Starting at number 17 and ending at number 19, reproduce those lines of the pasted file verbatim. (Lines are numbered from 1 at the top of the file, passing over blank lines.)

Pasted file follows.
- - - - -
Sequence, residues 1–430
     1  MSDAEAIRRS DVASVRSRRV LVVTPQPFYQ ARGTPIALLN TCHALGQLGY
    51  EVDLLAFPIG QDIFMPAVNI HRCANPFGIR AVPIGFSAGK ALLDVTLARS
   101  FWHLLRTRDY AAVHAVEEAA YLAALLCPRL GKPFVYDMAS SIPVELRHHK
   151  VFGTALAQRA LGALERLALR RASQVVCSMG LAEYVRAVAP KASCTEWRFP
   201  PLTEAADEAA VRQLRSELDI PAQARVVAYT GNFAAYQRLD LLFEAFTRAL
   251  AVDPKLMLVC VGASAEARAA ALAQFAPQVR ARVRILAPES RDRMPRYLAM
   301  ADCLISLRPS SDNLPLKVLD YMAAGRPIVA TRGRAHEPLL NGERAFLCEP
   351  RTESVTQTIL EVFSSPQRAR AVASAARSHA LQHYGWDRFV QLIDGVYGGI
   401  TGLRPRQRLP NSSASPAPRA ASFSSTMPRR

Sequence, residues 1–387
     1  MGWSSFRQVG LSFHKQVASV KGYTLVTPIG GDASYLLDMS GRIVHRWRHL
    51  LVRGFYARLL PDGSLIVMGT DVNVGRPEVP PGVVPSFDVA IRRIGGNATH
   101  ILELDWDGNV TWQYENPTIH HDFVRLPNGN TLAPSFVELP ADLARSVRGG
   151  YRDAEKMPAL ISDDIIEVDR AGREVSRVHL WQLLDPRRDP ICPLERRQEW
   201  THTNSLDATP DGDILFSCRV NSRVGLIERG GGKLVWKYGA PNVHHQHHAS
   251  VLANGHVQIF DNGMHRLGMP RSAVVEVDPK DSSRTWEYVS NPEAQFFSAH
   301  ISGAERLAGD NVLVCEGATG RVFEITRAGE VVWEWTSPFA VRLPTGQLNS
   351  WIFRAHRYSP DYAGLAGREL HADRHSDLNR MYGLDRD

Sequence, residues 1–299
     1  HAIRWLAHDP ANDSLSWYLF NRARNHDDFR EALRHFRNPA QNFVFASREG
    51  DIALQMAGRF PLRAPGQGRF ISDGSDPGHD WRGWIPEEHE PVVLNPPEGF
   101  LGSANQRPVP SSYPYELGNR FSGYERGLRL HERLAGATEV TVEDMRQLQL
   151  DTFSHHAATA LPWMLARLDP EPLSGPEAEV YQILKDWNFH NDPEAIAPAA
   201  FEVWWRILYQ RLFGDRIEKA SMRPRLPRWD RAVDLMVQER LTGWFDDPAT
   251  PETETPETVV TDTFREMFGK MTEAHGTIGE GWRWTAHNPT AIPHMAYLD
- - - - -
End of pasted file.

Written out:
   251  VLANGHVQIF DNGMHRLGMP RSAVVEVDPK DSSRTWEYVS NPEAQFFSAH
   301  ISGAERLAGD NVLVCEGATG RVFEITRAGE VVWEWTSPFA VRLPTGQLNS
   351  WIFRAHRYSP DYAGLAGREL HADRHSDLNR MYGLDRD